Thursday, November 16, 2017

Commission modifies award to allow bills for unauthorized care immediately after claim is filed

A substitute teacher, 33 years old,  fell on some ice and snow and alleged injuries to her back and knee.

The Commission affirmed a denial of benefits, based on a finding of lack of credibility, but awarded some limited medical bills from a provider not authorized by the employer.   The ALJ found the claimant  lacked credibility about testimony playing basketball several times a week and failing to acknowledge a radical change in weight of 65 pounds in a short time based on her medical records.

The ALJ found claimant's expert not credible. 

"It is not credible that Dr. Droege determine a twenty-five percent permanent  partial disability to the left knee when the three other physicians that treated found zero permanent partial disability. Neither of Dr. Droege's PPD ratings are credible. The record does not support an award of permanent partial disability "

The Commission modified the award to include $783 in bills from Dr. Droege in care over 10 days right after the claim was filed and medical was requested in the claim.  The Commission found the employer was put on notice was an unambiguous request for medical care that was included as part of the claim for compensation. The claim was acknowledged on Jan 14.  Claimant incurred charges starting on Jan 17.  The employer tendered an appointment on Jan 30 (16 days after the claim) . The employer failed to attend the appointment in a timely fashion but later provided additional care.

The Commission finds the care (therapy) reasonable and consistent with the type of care later tendered by the employer,  and ordered the care.  It notes the general rule to acknowledge some reasonable delay to set up appointments. 
" Furthermore, brief delays in scheduling appointments 
other than in emergency situations
 do not render employer/insurer liable for unauthorized care."

It does not appear claimant's treatment was an "emergency".  The treatment in dispute was more than a month after the accident.   It is not clear  where the commission draws the line between reasonable and unreasonable delay in the tender of care but suggests the employer must exercise its absolute duty  to tender care quicker than 16 days. 

The commission does not disturb the finding that Dr. Droege lacks credibility.   In the end, the Commission orders the employer to pay for treatment it did not authorize from a doctor the ALJ found was not credible.

Take away:  This case  shows the importance to check claims for additional comments that are often added outside the information requested in the form.  It highlights there is no safe harbor for employers before an answer is filed.  The Commission seems to reward  the growing  practice of extraneous comments added to the claim for compensation. 

Boykins Walls v Normandy School District
2017 MOWCLR Lexis 51
Nov. 13, 2017

ALJ  Keaveny
Atty:  Johnson, Shockley
Experts:  Droege, Doll

Friday, November 10, 2017

SIF total awarded with need to lie down

The Commission affirms without opinion an award of total disability benefits against the fund and a 35% back and 10% ankle award against the employer with no open medical.   Johnson v DirectTV, 2017 MO WCLR LEXIS __ , Inj. No. 12-100647 (released 11-3-2017)

Claimant is a 48-year old who fell in a customer's yard and underwent a single level back surgery. He was released from care in 2013.  He testified he now takes Norco and various medications from his personal care physician for "constant" low back pain.  He claims he has been unable to work since his surgery due to back pain and the need to lie down on multiple occasions during the day.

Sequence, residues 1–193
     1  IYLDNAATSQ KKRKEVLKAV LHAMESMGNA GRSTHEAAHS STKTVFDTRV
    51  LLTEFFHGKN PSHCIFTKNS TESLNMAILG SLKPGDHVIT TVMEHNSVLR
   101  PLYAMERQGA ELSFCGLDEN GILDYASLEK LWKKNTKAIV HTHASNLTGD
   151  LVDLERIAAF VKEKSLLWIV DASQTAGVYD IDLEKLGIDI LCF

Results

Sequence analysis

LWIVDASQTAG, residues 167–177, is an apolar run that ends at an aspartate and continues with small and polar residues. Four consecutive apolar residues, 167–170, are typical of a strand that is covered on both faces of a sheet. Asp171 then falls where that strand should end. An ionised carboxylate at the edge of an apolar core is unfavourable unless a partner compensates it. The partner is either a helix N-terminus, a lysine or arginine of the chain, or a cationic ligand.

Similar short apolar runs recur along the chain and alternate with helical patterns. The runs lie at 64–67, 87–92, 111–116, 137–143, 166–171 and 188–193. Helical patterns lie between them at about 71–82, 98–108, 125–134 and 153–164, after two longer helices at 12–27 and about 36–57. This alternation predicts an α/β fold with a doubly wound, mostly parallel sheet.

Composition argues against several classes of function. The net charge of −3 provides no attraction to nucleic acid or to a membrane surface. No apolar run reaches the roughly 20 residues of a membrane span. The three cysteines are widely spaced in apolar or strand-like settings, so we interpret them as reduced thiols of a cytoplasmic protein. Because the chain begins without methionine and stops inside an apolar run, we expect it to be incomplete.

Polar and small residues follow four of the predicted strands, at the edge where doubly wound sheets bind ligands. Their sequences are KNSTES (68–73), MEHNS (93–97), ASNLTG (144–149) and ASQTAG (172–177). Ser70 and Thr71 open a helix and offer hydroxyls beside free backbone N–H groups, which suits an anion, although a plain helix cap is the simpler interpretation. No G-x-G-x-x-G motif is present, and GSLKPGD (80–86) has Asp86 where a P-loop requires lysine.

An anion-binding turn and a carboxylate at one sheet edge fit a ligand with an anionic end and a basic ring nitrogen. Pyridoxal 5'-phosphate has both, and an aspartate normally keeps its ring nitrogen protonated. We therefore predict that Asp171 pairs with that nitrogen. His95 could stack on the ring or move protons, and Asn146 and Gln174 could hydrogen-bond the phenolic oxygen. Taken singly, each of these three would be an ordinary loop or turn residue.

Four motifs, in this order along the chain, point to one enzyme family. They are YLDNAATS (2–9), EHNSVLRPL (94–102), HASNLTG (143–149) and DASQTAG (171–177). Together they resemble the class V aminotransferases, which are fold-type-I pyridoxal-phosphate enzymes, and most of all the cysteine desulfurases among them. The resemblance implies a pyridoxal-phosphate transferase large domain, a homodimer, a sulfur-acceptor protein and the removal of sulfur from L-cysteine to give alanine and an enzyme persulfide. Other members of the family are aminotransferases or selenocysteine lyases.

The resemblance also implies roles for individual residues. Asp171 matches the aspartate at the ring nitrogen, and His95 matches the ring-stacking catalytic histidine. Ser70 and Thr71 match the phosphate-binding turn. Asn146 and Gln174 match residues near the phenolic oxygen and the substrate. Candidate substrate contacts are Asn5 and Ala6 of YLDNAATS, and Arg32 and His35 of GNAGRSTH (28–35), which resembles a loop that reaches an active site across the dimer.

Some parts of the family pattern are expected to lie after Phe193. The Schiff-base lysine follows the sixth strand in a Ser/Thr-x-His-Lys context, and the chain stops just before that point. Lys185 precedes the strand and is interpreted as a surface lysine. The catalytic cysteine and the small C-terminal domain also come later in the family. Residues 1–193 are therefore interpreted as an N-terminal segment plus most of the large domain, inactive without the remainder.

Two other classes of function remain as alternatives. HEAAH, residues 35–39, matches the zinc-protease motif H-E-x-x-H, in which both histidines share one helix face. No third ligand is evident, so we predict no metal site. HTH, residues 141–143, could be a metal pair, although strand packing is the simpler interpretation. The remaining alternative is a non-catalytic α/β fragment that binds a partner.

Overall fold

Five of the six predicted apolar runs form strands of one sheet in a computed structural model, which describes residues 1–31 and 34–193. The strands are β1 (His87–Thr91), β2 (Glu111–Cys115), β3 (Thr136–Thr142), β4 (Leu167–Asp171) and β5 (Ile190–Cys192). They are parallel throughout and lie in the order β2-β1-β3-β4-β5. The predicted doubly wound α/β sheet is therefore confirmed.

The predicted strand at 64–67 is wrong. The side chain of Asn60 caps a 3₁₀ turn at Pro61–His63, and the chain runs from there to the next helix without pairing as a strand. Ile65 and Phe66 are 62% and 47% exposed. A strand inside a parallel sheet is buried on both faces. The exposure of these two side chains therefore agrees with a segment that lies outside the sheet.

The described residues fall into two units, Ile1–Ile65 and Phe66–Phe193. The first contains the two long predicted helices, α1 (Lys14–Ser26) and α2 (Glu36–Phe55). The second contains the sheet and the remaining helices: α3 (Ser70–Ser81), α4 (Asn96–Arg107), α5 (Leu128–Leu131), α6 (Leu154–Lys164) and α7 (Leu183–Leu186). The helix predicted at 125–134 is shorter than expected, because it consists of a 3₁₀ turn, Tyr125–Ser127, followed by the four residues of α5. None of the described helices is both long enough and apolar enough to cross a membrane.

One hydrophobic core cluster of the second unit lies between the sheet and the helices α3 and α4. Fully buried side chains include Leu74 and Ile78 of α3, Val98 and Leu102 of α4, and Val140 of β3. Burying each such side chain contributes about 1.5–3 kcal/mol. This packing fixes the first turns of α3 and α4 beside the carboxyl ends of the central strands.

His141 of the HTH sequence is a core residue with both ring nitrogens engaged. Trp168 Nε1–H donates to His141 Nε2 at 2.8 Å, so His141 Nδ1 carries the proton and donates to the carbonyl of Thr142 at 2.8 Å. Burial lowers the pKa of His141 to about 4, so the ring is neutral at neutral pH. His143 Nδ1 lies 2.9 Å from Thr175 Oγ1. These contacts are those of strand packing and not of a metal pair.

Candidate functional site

He states now that his prior anxiety and sleep problems are worse, and that he lost previous work because of his need to take medication.  He noted his alcohol use problems appeared to be in full remission.  Dr. Paul felt the need to lie down during the day flowed from his back injury.  He has never regained full function of his left leg due to an earlier condition which produced paralysis. 

The ALJ awarded PPD against the employer based on the ratings of claimant's expert, Dr. Paul.  Dr. Paul concluded claimant developed pain in his right foot from standing too long.  He felt claimant's need for any narcotic medication ended after 2 years. 

ALJ:  Fischer
Atty:  Murphy
Experts: Halfaker, Hughes, Eldred, Pau

Cake Assault provides an important lesson for holiday planners

Image result for google images cake clip art

It is that time of year again.

The fall colors start to change.    Companies think holiday parties are the icing on the cake for loyal employees who have stuck it through the year.

The holiday party may have a dark side, especially when there is an open bar.  It is like a WPA for the under-worked labor counsel. It is the gift that keeps on giving It creates endless opportunities for litigation the new year.
“Let them eat cake” is always a great motivator The French were so excited they had a street party with live entertainment.     

Holiday parties, no matter how good the cake,  may erode morale rather than build it.   Some people would rather take the money and run or have needles shoved under their finger nails rather than choke down one more holiday hoedown.  

This takes me to the recent news story from Florida in which a woman was charged for date violence with a birthday cake.  Like most date violence with birthday cake crime stories, there was more to it than that.  This probably wasn’t just some playful cake slice -in-your-face moment between a giggly groom and a bride. 

According to the Tampa Bay Times, the girlfriend, Karina Mora-Noveco, on Nov. 2, 2017 makes a birthday cake for her boyfriend, Robert Brown.   They lived in Dunedin, Florida, which is in Pinellas County about four miles from the Gulf and where it never snows.

One can read between the lines to set the scene. The candles burn down.  The cake plates get put away.  The lights go low.  The clock is watched, minute by minute.    The boyfriend staggers home drunk, and not only drunk, he comes home late at 1 in the morning.  After a heated tete-a-tete, the couple decides to go to bed.